I-3-6-20.Notices Associated with Own-Motion Review
Last Update: 12/16/20 (Transmittal I-3-175)
When the Appeals Council (AC) reviews a hearing decision or order of dismissal on its own motion, the AC must give the claimant and his or her representative, if any, notice of the review. In the notice, that interim notice, the AC will explain the reasons for the review and when appropriate, provide an opportunity for the claimant to submit additional evidence and written statements before the AC takes additional action. The interim notice of review is necessary to establish the AC's jurisdiction and to prevent a hearing decision from becoming the final decision of the Commissioner.
Under 20 CFR 404.969 and 416.1469, the AC must send a claimant and his or her representative, if any, written notification of own-motion review no later than 60 days after the date of the hearing decision or order of dismissal. OAO staff will send the notice to the claimant and appointed representative, if any, by mail.
>When the AC decides to review a decision or dismissal on its own motion, it will mail an interim notice of review to all parties as provided in 20 CFR 404.973 and 416.1473. If the AC decides to issue a fully favorable decision, remand a case for further proceedings, or issue a decision that is favorable in part and remand the remaining issues for further proceedings, an interim notice of review is not required. However, even if an interim notice of review is not required, the AC still must notify the claimant and his or her representative, if any, of its final action based on own-motion review within 60 days after the date of the hearing decision or order of dismissal.
B. Content of Interim Notice
The content of an interim notice of review varies in each claim depending on the facts of the claim, the action proposed by the AC, any applicable acquiescence ruling based on the court jurisdiction in which the claimant resides, and how many days remain for the AC to take own-motion review. The Document Generation System templates and stored paragraphs contain appropriate language for most situations.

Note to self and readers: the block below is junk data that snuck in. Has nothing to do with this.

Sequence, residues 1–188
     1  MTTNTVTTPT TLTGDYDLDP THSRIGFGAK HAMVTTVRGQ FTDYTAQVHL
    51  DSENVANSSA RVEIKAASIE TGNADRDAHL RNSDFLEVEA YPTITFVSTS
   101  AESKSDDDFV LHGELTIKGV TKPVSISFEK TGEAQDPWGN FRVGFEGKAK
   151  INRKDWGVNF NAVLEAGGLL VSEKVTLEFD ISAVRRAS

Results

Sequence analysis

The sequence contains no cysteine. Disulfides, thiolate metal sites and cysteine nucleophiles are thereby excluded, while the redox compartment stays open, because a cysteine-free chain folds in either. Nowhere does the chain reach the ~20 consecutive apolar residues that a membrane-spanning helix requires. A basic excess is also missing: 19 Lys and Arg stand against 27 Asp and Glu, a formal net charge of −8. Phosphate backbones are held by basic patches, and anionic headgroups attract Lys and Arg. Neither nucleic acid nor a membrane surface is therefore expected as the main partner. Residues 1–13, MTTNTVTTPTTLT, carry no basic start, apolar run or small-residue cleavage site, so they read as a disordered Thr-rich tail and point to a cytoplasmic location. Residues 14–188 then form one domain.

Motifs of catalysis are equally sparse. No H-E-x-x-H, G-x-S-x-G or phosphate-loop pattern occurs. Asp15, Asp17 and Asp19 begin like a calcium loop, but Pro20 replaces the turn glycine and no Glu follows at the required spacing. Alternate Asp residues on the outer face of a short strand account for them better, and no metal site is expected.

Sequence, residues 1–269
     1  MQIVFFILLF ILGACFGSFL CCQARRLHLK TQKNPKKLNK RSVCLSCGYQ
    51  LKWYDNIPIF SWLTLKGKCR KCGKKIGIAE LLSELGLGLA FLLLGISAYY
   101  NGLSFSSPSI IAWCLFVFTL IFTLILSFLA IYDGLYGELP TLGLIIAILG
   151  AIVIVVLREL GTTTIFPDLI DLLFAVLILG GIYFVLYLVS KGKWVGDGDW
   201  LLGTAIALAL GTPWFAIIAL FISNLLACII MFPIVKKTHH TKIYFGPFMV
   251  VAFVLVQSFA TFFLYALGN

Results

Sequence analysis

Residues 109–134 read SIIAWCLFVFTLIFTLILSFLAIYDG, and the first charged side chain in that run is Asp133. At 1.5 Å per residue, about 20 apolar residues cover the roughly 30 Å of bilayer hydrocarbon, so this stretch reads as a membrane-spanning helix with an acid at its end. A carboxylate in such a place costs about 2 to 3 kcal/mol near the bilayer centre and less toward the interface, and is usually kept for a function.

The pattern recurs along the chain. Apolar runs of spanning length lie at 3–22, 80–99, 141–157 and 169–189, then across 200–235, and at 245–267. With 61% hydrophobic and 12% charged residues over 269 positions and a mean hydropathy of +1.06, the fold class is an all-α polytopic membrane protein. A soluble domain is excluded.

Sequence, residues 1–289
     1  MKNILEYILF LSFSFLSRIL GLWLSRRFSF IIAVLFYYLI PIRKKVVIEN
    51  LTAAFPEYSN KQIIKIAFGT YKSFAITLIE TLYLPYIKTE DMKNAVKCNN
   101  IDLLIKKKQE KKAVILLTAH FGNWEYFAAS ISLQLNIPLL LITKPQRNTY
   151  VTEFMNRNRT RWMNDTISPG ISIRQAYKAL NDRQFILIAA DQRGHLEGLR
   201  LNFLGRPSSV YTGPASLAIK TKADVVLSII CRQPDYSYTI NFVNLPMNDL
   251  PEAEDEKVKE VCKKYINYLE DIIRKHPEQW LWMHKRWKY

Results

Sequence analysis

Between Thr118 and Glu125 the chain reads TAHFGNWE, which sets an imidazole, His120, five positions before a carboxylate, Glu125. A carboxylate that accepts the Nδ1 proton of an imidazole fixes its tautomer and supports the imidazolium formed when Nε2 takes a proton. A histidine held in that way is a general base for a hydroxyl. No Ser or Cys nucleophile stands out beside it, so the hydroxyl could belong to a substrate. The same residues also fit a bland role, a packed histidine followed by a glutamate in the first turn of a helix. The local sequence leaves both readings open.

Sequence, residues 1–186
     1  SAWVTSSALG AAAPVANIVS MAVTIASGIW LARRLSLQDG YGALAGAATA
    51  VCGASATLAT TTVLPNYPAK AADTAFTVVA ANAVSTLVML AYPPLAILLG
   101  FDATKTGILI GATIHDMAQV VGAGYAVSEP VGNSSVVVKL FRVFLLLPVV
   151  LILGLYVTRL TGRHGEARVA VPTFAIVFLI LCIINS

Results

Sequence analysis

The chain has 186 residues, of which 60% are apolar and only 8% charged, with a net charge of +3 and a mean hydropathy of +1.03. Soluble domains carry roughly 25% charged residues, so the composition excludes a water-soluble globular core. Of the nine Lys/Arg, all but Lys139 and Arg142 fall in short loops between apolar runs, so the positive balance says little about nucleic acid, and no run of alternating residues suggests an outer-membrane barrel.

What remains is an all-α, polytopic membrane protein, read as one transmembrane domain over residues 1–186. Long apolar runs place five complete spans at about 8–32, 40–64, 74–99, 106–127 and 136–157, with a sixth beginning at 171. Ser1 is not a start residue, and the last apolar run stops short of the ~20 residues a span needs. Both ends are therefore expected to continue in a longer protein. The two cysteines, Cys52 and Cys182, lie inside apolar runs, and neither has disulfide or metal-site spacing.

In addition to providing standard notice language, including language providing the claimant an opportunity to request an appearance before the AC, the AC will consider whether additional notice language may be required based on any of the following:
1. Opportunity for a Supplemental Hearing
In accordance with the decision in Goldberg v. Kelly, 397 U.S. 254 (1970), the AC must offer a claimant the opportunity to request a hearing when exercising own-motion authority in a title XVI cases when the claimant is in payment status and the proposed revised action is not fully favorable (see 20 CFR 416.1336 and Hearings, Appeals and Litigation Law (HALLEX) manual I-3-9-84).
In addition, when the AC proposes to revise a prior decision based on additional evidence, it must offer the claimant an opportunity for a hearing (see HALLEX I-3-9-84).
2. Proffering Protest Memorandum
When the AC initiates own-motion review based on a protest from an effectuating component or a Regional Commissioner's office, the AC must proffer the protest memorandum to the claimant and representative, if any, unless the AC intends to issue a fully favorable decision. However, the AC may proffer the protest memorandum with its final action when it remands a case for further proceedings or issues a decision that is favorable in part and remands the remaining issues for further proceedings. When appropriate, the AC will issue an interim notice of review providing the claimant an opportunity to request a supplemental hearing. For more information about proffering evidence, see HALLEX I-3-2-16.
3. Interim Disability Benefits in Cases of Delayed Final Decisions (8001 Cases)
Interim benefits may be payable if the AC takes own-motion review on a hearing decision that finds a claimant disabled or finds that a claimant continues to be disabled. If applicable, the AC will advise the claimant in its interim notice that the agency will pay interim benefits if the AC does not issue a final decision within 110 days after the date of the hearing decision. Interim benefits are not payable in claims that involve a closed period of disability or a deceased claimant. For specific notice language, see HALLEX I-3-6-40 C.
4. Subsequent Applications
If relevant, the interim notice will state whether the proposed action would have any impact on a subsequent application or subsequent allowance.